‘To no one will We sell, to no one will We deny or delay, right or justice.’
Clause 40, Magna Carta
It’s been almost 800 years since the Magna Carta was first sealed by King John on the bank of the Thames in June 1215. In that time we’ve witnessed the abolition of slavery, the women’s suffrage movement and the introduction of gay marriage, as society has pushed forward to bring equality and security to all its citizens. By 2015 we should be entering an era where the money in your pocket should not determine your entitlement to basic human rights. Why is it then, that in February 2014 the Lord Chancellor announced what will amount to a 25% cut in legal aid, the service that provides a fair trial to those who cannot afford to hire a private solicitor?
As the first Lord Chancellor since the 17th century not to be a qualified lawyer, it comes as no surprise that Chris Grayling has been accused of knowing as much about the legal industry as Alexa Chung knows about the Ukraine Crisis. On Friday 7th March, legal aid lawyers marched from the Houses of Parliament to the Ministry of Justice in protest of the latest cuts. Despite being branded ‘fat cats’ by the prestigious pages of the Daily Mail, the reality facing solicitors and barristers is bleak. Being a solicitor advocate at Shentons in Winchester, my sister Chloe has been telling me how many of us will be seriously disadvantaged by these proposals…
“I became a criminal lawyer because I really feel there could be nothing worse than being convicted of a crime you didn’t commit. People constantly ask me how can I defend people who I believe are guilty and I frequently give the example of a young, black male from London who was arrested for drug dealing in Southampton. He had dealt a wrap of heroin to an undercover officer and there was a DNA match to saliva on the wrap. The client told me he was innocent and had never even been to Southampton. I advised him of the strength of the evidence against him but in the end I put forward his defence because it is not up to me to draw my own conclusions. Weeks later whilst awaiting trial he was released because the DNA samples had been mixed up and he was in fact innocent. If someone tells me they are innocent it is my duty to advance their case to the best of my ability.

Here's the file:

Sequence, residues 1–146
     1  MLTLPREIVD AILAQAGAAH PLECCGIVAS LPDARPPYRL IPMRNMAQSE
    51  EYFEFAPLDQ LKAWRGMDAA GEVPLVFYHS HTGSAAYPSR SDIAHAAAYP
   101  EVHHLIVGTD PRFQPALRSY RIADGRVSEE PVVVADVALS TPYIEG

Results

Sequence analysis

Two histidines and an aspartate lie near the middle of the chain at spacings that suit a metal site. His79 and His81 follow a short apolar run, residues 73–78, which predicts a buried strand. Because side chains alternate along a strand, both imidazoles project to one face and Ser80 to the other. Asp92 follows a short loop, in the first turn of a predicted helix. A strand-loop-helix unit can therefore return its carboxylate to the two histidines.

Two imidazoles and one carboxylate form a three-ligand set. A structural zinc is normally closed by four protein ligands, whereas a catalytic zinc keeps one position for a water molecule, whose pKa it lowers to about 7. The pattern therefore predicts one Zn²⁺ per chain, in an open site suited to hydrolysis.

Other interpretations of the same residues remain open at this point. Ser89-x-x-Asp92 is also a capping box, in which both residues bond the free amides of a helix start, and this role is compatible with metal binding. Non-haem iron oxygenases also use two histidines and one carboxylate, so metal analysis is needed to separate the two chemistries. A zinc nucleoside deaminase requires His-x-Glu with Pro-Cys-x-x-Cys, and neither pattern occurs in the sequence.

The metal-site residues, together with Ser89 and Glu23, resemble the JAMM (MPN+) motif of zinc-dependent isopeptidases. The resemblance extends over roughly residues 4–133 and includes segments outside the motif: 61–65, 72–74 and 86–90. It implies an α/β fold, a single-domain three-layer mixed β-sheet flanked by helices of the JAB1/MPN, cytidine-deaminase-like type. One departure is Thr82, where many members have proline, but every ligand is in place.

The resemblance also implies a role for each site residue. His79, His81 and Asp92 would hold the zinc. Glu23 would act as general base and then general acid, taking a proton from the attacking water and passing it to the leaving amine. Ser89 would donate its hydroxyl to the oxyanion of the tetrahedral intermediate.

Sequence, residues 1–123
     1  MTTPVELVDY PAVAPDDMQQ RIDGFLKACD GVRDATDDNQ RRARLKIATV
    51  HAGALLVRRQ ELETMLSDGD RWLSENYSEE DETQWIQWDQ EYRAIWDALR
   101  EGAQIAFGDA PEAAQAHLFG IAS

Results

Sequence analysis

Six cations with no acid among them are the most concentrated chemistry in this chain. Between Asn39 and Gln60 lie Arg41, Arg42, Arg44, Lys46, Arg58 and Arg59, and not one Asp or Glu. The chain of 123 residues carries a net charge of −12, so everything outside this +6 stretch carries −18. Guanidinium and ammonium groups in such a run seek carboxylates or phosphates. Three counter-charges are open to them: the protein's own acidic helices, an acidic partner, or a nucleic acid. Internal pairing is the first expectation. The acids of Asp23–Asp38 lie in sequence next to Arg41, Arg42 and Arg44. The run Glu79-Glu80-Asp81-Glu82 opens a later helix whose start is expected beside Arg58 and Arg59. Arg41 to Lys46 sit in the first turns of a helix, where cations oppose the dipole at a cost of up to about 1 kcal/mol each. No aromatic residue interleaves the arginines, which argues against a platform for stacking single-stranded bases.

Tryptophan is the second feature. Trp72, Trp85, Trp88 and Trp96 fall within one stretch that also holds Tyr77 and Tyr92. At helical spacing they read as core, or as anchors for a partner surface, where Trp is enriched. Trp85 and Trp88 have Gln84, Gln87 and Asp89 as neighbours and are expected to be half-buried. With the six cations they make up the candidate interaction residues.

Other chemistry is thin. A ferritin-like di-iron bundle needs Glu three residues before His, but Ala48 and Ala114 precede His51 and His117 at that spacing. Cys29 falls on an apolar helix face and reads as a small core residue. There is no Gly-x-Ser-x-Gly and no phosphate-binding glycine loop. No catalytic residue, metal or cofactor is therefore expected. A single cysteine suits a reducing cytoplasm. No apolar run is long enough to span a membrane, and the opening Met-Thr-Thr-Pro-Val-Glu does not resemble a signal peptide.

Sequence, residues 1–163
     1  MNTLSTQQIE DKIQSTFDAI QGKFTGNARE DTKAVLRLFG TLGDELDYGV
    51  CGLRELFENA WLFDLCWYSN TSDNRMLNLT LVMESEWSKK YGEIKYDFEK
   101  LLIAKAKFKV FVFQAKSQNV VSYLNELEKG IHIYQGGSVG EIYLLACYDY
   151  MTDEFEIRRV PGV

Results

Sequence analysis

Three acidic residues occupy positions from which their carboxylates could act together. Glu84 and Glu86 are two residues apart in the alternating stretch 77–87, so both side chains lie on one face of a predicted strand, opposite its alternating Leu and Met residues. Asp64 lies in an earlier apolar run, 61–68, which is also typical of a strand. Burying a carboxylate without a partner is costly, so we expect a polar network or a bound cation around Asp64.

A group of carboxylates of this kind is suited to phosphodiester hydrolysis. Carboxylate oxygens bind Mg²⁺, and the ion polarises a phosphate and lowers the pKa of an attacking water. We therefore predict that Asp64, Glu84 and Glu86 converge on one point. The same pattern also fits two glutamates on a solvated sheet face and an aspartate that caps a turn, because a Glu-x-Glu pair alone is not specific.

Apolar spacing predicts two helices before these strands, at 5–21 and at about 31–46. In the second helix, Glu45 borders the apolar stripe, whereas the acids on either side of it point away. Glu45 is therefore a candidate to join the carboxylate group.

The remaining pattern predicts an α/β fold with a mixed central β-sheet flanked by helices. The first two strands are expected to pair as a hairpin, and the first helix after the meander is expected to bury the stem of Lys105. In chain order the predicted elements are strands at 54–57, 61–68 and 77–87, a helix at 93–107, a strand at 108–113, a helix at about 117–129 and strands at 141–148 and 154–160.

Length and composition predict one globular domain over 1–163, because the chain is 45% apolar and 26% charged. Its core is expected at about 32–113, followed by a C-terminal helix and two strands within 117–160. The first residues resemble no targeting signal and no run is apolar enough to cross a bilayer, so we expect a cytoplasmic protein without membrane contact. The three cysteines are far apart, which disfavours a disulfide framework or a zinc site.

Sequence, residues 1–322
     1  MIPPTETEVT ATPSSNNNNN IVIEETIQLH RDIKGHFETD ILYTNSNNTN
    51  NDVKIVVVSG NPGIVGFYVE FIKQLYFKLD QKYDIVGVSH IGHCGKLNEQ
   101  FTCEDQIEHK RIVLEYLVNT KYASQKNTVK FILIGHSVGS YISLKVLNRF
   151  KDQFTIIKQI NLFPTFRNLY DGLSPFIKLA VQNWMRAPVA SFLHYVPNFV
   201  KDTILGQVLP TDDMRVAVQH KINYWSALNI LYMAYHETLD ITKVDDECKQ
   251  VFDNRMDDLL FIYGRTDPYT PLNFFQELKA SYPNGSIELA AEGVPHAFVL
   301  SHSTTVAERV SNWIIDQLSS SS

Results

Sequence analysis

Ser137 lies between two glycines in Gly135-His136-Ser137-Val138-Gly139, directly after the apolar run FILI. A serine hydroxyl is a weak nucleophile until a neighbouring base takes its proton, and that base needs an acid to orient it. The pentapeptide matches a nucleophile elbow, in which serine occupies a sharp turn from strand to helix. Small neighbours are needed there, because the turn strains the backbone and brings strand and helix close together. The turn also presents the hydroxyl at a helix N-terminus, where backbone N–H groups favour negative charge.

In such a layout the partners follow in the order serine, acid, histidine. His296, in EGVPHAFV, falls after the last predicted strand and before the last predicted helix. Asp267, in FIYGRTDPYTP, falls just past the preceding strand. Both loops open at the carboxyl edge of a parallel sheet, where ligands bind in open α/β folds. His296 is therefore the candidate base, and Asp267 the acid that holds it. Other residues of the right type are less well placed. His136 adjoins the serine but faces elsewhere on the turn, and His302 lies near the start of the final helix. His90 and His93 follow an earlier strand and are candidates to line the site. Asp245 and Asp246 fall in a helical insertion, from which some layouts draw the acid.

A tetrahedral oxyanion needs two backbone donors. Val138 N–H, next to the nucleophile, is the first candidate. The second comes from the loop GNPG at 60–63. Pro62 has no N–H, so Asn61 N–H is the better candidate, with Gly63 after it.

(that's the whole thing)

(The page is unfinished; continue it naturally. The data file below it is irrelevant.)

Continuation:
In the nine years that I have done this work my perception is that people accused of criminal offences are generally those who find themselves on the margins of society, often for a myriad of reasons. A high proportion suffer from mental health problems and/or drug addiction. They frequently come from a difficult upbringing with domestic violence, sexual or physical abuse and generally very little in the way of support or discipline. They characteristically have learning disabilities and struggle to articulate themselves properly. These are often the reasons they have failed to secure employment and have turned to crime for financial gain. Similarly they may be the reason that they struggle to deal with situations when they are angry and they commit acts of violence.